Annie Bananie en Europe

A blog about travel, life, and everyday tidbits

Dada and the oldest Dutch city

This post is for dada!

The trip to Nijmegen (pronounced “nigh-meh-hem”) was successfully carried out. It’s been more than six months since dada’s departure from Bordeaux, embarking on his next journey in his academic endeavors in the Netherlands. Dada, otherwise known as Dr.Das, has courteously agreed to be the city guide for the day as he is now more or less “local”. How nice it is to finally have a reunion!

With more than 2000 years of history, Nijmegen claims to be the oldest city in the Netherlands, although apparently Maastricht also claims the title. Well, my concern wasn’t really to find out which is older; that is quite irrelevant. That is nothing compared to seeing an old friend 😉

Annie and dada (along with Yi-Shiang and his family) had lunch at an all-you-can-eat Japanese restaurant in the Nijmegen city centre. It was my first time having all-you-can-eat Japanese food in Europe, and apparently it was dada’s first time having Japanese food. Oh silly dada, inventing his own way of holding the chopstick every single time he attempts it. When will you learn?

After lunch, the group went to Valkhof park in the city centre for a stroll, which proved very useful for digestion after a very yummy and filling meal. We entered the park and saw this…structure that seemed like it was abandoned by history. No sign, no explanations of what it was and what happened to it…

As for this building, there is a sign explaining its story. “The emperor Frederik Barbarossa built a castle on this hill in 1155. In its construction, material was used from the castle of Charlemagne which stood on this spot. In 1796 the Valkhof was sold by the Province to be used as building material. All that was saved were the two chapels from the castle…”

“…The chapel named after Charlemagne is dedicated to St. Nicholas. It was built around 1000 on the pattern of the palace chapel in Aix-la-Chapelle. The present form of the chapel is the result of rebuilding around 1400.”

We stopped by de Hemel, a very popular brewery with a wide selection of local beers. I was looking for wine or beer to buy as a present for a friend, and ended up getting a bottle of local liquor in a pretty bottle. The thing that attracted me about de Hemel, however, was the exterior which was surrounded by layers of red leafs. A quiet setting, and quite romantic!

Like many other cities in the Netherlands and Belgium, Nijmegen has its own little Grand Place, or Grote Markt. The cute buildings kind of remind me of a humbler Bruges

By late afternoon, it started to rain, typical of the city, as dada told me. Thankfully it didn’t rain cats and dogs; it was more like…ants and worms? Ugh, should not have made that analogy, it’s disgusting to even think about it. Point is, the rain didn’t interfere too much with our activities, and even made the streets of Nijmegen more charming as they began to light up.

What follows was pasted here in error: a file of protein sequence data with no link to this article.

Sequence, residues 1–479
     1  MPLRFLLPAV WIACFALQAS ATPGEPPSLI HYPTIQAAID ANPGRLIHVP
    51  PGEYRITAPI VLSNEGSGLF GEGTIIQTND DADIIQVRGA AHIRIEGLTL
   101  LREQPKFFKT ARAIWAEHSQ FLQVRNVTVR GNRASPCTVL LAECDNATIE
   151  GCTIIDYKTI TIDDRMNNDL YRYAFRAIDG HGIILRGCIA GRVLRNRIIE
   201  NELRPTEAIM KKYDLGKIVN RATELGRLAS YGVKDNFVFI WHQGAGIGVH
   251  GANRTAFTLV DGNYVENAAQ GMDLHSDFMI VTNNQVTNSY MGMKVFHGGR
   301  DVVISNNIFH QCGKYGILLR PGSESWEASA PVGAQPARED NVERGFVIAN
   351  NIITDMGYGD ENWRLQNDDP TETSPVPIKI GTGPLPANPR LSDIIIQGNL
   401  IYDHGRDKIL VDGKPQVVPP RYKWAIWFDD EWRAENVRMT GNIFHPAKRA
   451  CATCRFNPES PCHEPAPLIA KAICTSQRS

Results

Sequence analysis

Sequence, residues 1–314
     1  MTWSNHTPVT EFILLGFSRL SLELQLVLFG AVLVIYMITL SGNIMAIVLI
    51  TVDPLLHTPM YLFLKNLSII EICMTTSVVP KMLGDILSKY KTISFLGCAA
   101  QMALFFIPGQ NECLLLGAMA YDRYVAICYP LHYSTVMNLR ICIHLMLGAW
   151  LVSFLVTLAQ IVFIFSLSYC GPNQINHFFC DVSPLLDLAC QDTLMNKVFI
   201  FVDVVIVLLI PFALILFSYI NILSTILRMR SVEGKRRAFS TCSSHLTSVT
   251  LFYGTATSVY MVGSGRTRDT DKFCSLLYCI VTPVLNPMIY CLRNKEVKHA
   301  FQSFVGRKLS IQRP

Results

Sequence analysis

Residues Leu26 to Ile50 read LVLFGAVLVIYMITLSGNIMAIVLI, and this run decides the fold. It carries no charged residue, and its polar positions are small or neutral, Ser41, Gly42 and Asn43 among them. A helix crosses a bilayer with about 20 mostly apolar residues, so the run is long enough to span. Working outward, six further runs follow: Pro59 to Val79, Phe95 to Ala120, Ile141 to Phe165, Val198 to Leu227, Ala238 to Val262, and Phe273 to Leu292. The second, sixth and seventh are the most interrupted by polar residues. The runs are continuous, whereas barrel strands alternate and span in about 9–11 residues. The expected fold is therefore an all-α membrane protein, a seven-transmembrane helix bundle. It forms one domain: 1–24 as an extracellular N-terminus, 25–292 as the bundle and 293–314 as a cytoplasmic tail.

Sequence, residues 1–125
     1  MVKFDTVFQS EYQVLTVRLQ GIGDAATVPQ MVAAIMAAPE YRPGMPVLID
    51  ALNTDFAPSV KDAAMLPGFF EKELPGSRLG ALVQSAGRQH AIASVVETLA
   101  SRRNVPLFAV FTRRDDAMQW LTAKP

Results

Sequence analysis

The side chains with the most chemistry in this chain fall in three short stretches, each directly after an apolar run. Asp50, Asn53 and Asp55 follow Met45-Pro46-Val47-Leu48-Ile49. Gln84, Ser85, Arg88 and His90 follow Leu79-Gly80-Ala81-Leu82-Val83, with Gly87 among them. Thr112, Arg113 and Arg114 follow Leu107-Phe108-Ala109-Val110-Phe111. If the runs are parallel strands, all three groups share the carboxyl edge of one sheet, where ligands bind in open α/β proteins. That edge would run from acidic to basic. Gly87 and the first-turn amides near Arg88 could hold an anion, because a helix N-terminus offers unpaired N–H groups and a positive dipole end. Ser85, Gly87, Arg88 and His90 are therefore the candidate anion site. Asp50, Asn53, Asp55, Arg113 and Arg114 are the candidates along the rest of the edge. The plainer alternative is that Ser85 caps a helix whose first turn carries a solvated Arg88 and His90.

Of course, beer was inevitable. At night, dada and I went to one of the most popular bars in Nijmegen, Samson’s, for a drink. Ugh, too bad they ran out of that Dutch beer we were interested in, so I went for a Paulaner while dada had the classic Guinness. We talked about careers, aspirations, the future, the good ol’ days…and I couldn’t help but notice the awesome shape of the cups that the guys at the table next to us had 😉

The next morning, I headed towards the quays to see the labyrinth that I wasn’t able to see clearly during the night. Dada and I saw the “labyrinth” label on the city map, and so we checked it out while it was dark. Of course we saw nothing. So THIS was it, quite an interesting structure to put right by the water. Too bad the quays were under construction works. A stroll by the Waal river on a nice day accompanied by a walk in the labyrinth would have surely been wonderful.

I really liked the colours of this row of houses. They seem like four brothers, each with a very different personality. Dark purple big brother is steady and calm, while yellow second brother is outgoing and joyful. Brown third brother is adventurous and restless, and finally, light purple little brother is mischievous and playful. What a funny family…

Kronenburger park was my last stop before leaving Nijmegen, and I finally got a full frontal view of the round tower that we passed by the day before. Frankly, I liked this park more than Valkhof park 🙂

Dada, it had been so great to see you again, and I’m glad you’re still working hard and striving towards your goals. I hope that the next time we meet, you will be one step closer to your ideal career and we’ll definitely have to talk over another beer or two, maybe find that Dutch beer that we missed this time around. Until then, bon courage!

2 responses to “Dada and the oldest Dutch city

  1. Pingback: How small is the smallest town in the world? | Annie Bananie en Europe

  2. Pingback: From high places, part 3 | Annie Bananie en Europe

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